Another interesting method they used to determine GNSS anomalies was to look at position heatmaps derived from fitness tracking apps. These phone/smart watch apps are often used by runners to log a route and to keep track of distance ran, speeds etc. The researchers found that runners going through central Moscow would sometimes suddenly appear to be at one of two Moscow airports. 

In a previous post we showed how Amungo Navigation's NUT4NT+ system was used to detect and locate GPS anomalies at the Kremlin. The C4ADS report also notes how several other Russian government facilities also show signs of GPS anomalies. Of interest, from photos they also saw that the Kremlin has an 11-element direction finding array which could be used to locate civilian drone controllers.

Finally, in the last sections they show how C4ADS and UT Austin used a GPS receiver on board the International Space Station (ISS) to monitor a GPS spoofer at an airbase in Syria. Using Doppler analysis they were able to determine the location of the spoofer and confirm that it is likely the cause of multiple complaints of GPS interference by marine vessels in the area.

C4ADS and UT Texas determine the location of a GPS spoofer in Syria via ISS GPS data
C4ADS and UT Texas determine the location of a GPS spoofer in Syria via ISS GPS data

The BBC also ran a story on this which is available here.

Replicating A Rolljam Wireless Vehicle Entry Attack with a Yardstick One and RTL-SDR

Over on his hackaday.io blog, Gonçalo Nespral has written about his experiences in recreating Samy Kamkars now famous low cost rolljam attack. A rolljam attack allows an attacker break into a car by defeating the rolling code security offered by wireless keyfobs. Back at Defcon 2015, an information security conference, Samy Kamkar presented a method for creating a $32 Rolljam device that consisted of two 433 MHz transceiver modules controlled by an Arduino.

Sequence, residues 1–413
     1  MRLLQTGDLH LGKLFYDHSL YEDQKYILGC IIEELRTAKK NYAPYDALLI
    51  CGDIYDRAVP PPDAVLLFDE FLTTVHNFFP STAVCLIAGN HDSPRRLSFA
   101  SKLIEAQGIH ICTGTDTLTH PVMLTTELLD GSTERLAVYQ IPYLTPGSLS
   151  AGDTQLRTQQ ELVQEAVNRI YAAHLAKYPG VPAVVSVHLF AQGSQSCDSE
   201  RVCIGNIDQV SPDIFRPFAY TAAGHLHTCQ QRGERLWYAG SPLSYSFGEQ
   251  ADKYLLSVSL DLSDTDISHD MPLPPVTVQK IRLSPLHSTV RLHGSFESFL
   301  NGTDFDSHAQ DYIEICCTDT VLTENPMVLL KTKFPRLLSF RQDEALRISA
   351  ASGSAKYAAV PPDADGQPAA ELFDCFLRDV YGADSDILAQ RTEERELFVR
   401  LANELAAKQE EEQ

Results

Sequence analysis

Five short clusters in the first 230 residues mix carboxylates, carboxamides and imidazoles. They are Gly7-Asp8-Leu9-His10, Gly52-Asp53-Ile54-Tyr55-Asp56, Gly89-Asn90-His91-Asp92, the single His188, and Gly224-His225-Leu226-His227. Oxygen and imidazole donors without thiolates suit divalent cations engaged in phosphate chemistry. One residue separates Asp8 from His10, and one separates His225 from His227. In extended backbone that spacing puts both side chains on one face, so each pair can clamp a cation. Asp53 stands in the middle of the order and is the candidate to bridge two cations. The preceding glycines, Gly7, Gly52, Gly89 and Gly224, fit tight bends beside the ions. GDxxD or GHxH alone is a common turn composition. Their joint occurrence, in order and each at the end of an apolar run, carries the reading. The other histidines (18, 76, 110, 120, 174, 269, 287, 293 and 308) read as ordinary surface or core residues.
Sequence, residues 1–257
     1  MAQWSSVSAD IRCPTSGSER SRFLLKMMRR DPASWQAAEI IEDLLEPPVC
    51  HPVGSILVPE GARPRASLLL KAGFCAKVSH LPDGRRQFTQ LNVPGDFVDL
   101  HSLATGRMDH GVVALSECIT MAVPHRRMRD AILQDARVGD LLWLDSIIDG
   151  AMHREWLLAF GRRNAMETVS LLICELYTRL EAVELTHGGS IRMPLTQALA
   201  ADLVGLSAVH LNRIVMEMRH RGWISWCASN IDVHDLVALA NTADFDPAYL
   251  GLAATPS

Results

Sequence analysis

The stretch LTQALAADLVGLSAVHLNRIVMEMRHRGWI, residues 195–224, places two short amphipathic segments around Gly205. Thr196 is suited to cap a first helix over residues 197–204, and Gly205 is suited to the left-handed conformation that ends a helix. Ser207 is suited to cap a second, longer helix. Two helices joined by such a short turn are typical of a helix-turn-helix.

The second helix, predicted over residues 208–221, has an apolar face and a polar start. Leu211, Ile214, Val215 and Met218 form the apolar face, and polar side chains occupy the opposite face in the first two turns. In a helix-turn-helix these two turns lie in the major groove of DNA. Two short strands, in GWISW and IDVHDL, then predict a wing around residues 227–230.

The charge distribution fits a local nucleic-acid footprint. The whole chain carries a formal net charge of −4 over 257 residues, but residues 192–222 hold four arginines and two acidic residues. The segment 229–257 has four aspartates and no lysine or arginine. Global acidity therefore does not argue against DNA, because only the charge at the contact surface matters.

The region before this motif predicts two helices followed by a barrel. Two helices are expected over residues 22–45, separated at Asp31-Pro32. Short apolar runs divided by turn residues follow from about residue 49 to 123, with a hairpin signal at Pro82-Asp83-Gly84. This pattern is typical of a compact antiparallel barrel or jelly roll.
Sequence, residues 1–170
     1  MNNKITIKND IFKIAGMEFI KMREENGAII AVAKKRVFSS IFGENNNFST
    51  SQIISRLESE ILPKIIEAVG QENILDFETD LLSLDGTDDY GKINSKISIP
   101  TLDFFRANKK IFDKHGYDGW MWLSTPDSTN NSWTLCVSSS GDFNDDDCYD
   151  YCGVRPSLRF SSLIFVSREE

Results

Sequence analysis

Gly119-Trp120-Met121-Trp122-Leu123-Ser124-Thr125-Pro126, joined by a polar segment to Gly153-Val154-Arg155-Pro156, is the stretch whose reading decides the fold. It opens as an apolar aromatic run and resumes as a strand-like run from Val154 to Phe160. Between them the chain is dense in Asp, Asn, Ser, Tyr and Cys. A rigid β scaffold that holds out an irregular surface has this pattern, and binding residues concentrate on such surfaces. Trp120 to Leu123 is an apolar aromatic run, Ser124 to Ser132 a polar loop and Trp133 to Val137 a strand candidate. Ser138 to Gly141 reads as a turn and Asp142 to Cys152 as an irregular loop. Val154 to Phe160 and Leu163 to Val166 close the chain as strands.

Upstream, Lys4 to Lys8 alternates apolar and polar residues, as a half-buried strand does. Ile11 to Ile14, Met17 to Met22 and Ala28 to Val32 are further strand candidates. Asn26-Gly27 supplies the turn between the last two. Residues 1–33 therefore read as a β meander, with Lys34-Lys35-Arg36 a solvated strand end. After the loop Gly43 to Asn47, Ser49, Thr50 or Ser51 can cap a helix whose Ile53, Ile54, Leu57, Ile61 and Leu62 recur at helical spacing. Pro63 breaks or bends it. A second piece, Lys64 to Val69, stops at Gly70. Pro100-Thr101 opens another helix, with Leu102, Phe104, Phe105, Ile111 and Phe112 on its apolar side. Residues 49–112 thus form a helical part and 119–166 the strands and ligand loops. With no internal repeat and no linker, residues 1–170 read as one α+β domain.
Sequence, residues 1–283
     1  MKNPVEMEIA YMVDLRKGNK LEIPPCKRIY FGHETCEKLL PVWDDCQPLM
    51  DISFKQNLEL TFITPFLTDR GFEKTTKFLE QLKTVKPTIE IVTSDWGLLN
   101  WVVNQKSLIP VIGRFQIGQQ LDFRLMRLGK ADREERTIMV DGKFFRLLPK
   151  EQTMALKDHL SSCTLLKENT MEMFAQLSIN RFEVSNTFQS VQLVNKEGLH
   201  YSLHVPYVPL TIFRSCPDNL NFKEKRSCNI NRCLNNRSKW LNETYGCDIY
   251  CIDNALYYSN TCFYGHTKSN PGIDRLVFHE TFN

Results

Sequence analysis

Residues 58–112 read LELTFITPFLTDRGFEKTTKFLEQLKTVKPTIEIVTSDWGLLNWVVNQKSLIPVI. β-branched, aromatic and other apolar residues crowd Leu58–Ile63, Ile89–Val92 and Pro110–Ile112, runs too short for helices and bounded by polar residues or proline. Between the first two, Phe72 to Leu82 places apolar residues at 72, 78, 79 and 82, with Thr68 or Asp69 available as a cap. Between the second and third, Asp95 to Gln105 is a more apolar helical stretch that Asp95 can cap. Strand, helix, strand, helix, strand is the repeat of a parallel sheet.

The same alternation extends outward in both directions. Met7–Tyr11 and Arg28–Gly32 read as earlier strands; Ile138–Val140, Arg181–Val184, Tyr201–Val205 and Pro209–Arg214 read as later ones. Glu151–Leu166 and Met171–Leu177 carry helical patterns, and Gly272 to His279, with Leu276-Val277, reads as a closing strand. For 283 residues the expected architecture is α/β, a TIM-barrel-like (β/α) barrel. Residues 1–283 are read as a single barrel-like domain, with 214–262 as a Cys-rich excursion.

In his version, Gonçalo was able to recreate the attack using a Yardstick One and an RTL-SDR. The RTL-SDR receives the signal, whilst the Yardstick One performs the jamming and retransmit functions.

Actually using this attack in a real scenario would be difficult due to the need to properly jam and receive the keyfob signal, which could prove tricky in an uncontrolled environment. However, there have been reports of criminals entering high end cars with wireless devices before and this could be one such attack method in use.

The important thing to learn is to be suspicious if your car key fob doesn't work on the first press while you are definitely in range of the car. To mitigate the possibility of wireless keyfob attacks, always use a manual key and if you must use the wireless keyfob, only unlock the car when standing right next to it, so that the keyfob signal is strong enough to overcome the jammer. Although it is still plausible that an attacker could attach the rolljam device to the car itself for greater jamming power, and then retrieve it later.

[First seen on Hackaday]

How RollJam Works
How RollJam Works

RSA Conference Talks: IOT Hacking with SDR, Tracking Rogue RF Devices & Wireless Offense and Defense

RSA Conference is an information security event that was recently held on March 4 - 8 in San Francisco. The talks have been uploaded to YouTube and from what we see there are three interesting SDR/RF related talks that may be worth looking at, which we show below. The full list of videos can be found on their YouTube channel.

RF Exploitation: IoT and OT Hacking with Software-Defined Radio

Harshit Agrawal, Security Researcher, MIT Academy of Engineering, SPPU

Himanshu Mehta, Team Lead (Senior Threat Analysis Engineer), Symantec

Recent years have seen a flood of novel wireless exploits, from vulnerable medical devices to hacked OT devices, with exploitation moving beyond 802.11 and into more obscure standard and proprietary protocols. While other non-WiFi RF protocols remain a mystery to many security practitioners, exploiting them is easier than one might think. SDR is changing the game for both offense and defense.Learning Objectives:1: Become familiar with common security concerns and attack surfaces in a wireless communication system.2: Understand the ease and prevalence of wireless exploitation, with sophisticated examples.3: Learn to view IoT devices, security and privacy collectively.

RF Exploitation: IoT and OT Hacking with Software-Defined Radio

Hunting and Tracking Rogue Radio Frequency Devices

Eric Escobar, Principal Security Consultant, SecureWorks